facebook twitter instagram linkedin google youtube vimeo tumblr yelp rss email podcast phone blog search brokercheck brokercheck Play Pause
Elections & the Stock Market: Is There a Correlation? Thumbnail

Elections & the Stock Market: Is There a Correlation?

Keeping perspective as a sales professional in an election year.

Sensationalism, lies, and accusations of corruption - no election year is complete without them. And while the 2020 election has proven to be one of the most contentious in recent history, contention is nothing new in the world of politics. From the political match-up of Jefferson v. Adams to this year’s Biden v. Trump, mud has always been slung, accusations have always been made and many Americans have found themselves uncertain of a future under new (or unchanged) leadership.

However, there is something vastly different about today’s political climate - 24/7 access to constituents. Social media, email blasts, phone calls, television ads, radio announcements - today’s candidates and their associated parties have the ability to inundate Americans with their messaging.

Pair this with the fact that 2020 has been anything but ordinary (which, of course, no one needs reminded of), and you have an election year truly like no other. But should your long-term investment goals change with sways in the market?

A Reminder About Emotionally Driven Investing

Whether you’ve been guilty of it yourself or you’ve seen others take part, social media channels like Twitter and Facebook make it all too easy to share damaging, misguided or opinionated messaging. This is true in any instance, but it can be especially effective when these posts are about political candidates.

The problem is, being inundated day in and day out with information about our country’s political future (especially information that’s alarming or scary) can take its toll on anyone watching or listening. You’ve already heard the predictions - “If Biden wins, the stock market is sure to tank.” Or, “If Trump wins, the stock market is sure to tank.” People everywhere (whether they’re journalists or your Aunt Sally) are making an argument for it either way.

As an investor, it’s important to make a conscious effort to drown out the noise, think about your personal financial goals and keep in regular contact with your investment advisor. He or she can offer the educated, unbiased advice you need to stay on track and unswayed when it comes to preparing your portfolio for any potential changes in political leadership.

Historical Stock Market Performance During Election Years

Of course, past performance is no guarantee or indicator of future performance. But as an investor, it may interest you to see how the stock market has performed historically during and after presidential elections years. Below we’ve charted out the S&P 500 returns since the 2000 election:[i]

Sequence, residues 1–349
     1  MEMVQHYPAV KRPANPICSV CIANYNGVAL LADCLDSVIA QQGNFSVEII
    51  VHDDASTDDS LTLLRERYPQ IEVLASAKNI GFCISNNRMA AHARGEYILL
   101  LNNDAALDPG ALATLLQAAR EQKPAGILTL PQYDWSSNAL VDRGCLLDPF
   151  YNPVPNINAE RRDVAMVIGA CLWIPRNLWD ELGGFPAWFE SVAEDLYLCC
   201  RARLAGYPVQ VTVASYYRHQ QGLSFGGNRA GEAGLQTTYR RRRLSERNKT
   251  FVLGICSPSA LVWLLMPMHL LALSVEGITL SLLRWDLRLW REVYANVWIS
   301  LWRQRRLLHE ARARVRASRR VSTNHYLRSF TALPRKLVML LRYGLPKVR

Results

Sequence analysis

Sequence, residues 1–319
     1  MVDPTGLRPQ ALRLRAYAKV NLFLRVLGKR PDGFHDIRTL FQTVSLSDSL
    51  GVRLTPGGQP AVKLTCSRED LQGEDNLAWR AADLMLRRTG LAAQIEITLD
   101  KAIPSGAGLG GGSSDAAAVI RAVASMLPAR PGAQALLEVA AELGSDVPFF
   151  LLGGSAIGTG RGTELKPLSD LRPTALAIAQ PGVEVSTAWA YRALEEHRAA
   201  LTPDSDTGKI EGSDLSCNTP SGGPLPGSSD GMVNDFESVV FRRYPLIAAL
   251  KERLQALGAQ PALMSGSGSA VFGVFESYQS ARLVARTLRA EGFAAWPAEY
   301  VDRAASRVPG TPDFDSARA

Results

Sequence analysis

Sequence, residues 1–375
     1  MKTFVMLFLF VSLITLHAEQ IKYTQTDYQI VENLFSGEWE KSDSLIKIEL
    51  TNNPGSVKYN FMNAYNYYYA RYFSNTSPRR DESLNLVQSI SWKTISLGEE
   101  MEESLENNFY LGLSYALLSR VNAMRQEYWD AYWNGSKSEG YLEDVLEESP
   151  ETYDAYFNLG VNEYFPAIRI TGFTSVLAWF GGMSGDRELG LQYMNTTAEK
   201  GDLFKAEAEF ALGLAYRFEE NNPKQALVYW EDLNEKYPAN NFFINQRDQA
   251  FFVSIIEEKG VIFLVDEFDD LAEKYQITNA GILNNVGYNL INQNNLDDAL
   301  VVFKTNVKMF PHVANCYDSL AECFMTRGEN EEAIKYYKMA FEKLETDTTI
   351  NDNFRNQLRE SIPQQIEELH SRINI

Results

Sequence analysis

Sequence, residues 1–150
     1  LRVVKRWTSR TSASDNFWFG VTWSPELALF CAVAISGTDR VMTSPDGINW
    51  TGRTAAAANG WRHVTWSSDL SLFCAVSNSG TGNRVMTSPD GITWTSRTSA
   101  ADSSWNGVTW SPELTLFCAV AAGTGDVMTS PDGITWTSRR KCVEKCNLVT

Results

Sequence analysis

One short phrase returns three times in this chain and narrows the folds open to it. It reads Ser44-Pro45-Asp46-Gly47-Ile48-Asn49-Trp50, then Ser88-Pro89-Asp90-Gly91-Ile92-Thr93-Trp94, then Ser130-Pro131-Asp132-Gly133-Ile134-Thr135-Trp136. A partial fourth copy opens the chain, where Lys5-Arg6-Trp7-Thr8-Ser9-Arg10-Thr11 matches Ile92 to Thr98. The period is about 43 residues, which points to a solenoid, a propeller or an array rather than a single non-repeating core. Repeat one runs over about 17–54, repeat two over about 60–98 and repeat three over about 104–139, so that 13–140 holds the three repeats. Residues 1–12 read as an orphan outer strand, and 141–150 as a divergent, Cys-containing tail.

Election Year

Presidential Candidates

Performance During Election Year

Performance For Following Year

2000

Bush v. Gore

-9.10%

-11.89%

2004

Bush v. Kerry

+10.88%

+4.91%

2008

Obama v. McCain

-37.0%

+26.46%

2012

Obama v. Romney

+16.0%

+15.06%

2016

Trump v. Clinton

+11.96%

+21.83%


Additionally, below shows the S&P 500’s percentage of return during a president’s full term dating back to 1981. This information was gathered from YCharts and presented by Forbes:[ii]

President

Years

S&P 500 Return

Donald J. Trump (R)

2017-

+43%

Barack H. Obama (D)

2009-2017

+182%

George W. Bush (R)

2001-2009

-40%

Bill J. Clinton (D)

1993-2001

+210%

George H.W. Bush (R)

1989-1993

+51%

Ronald W. Reagan (R)

1981-1989

+117%

 

As a sales professional, you may be tempted to jump in and take investment decisions into your own hands as we encounter election-tethered market movement in the months ahead. But, keep in mind that a number of outside factors that determine the stock market’s performance - more so than simply which party is in power. Other factors could include whether or not we’re in a bull or bear market, the business cycle, civil unrest (at home and overseas), trade wars, tax policy changes and more. And what’s more, any or all of these can have a simultaneous effect on volatility.

If the upcoming election has you worried about the future of your portfolio, take some time now to speak with your investment advisor or financial planner. They may be able to provide important insights into whether or not your asset allocation should be readjusted and review any contingency plans you may have already put in place.